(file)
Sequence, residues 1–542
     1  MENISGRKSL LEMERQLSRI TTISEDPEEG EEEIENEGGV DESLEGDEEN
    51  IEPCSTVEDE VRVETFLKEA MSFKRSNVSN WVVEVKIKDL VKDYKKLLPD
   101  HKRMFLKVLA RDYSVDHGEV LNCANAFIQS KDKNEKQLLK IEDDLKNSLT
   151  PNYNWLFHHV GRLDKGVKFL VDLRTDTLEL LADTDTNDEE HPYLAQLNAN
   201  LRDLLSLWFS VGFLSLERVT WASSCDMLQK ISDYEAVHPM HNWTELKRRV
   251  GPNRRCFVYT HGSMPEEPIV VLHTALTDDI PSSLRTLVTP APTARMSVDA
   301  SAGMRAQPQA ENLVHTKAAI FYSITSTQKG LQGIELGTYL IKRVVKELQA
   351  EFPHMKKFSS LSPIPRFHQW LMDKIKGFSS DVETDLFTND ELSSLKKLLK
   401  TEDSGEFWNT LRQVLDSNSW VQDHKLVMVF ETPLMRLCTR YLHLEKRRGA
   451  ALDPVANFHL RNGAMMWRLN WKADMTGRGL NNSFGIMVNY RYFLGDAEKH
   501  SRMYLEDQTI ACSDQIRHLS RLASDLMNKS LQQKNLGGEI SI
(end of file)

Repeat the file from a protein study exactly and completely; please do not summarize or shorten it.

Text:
Sequence, residues 1–542
     1  MENISGRKSL LEMERQLSRI TTISEDPEEG EEEIENEGGV DESLEGDEEN
    51  IEPCSTVEDE VRVETFLKEA MSFKRSNVSN WVVEVKIKDL VKDYKKLLPD
   101  HKRMFLKVLA RDYSVDHGEV LNCANAFIQS KDKNEKQLLK IEDDLKNSLT
   151  PNYNWLFHHV GRLDKGVKFL VDLRTDTLEL LADTDTNDEE HPYLAQLNAN
   201  LRDLLSLWFS VGFLSLERVT WASSCDMLQK ISDYEAVHPM HNWTELKRRV
   251  GPNRRCFVYT HGSMPEEPIV VLHTALTDDI PSSLRTLVTP APTARMSVDA
   301  SAGMRAQPQA ENLVHTKAAI FYSITSTQKG LQGIELGTYL IKRVVKELQA
   351  EFPHMKKFSS LSPIPRFHQW LMDKIKGFSS DVETDLFTND ELSSLKKLLK
   401  TEDSGEFWNT LRQVLDSNSW VQDHKLVMVF ETPLMRLCTR YLHLEKRRGA
   451  ALDPVANFHL RNGAMMWRLN WKADMTGRGL NNSFGIMVNY RYFLGDAEKH
   501  SRMYLEDQTI ACSDQIRHLS RLASDLMNKS LQQKNLGGEI SI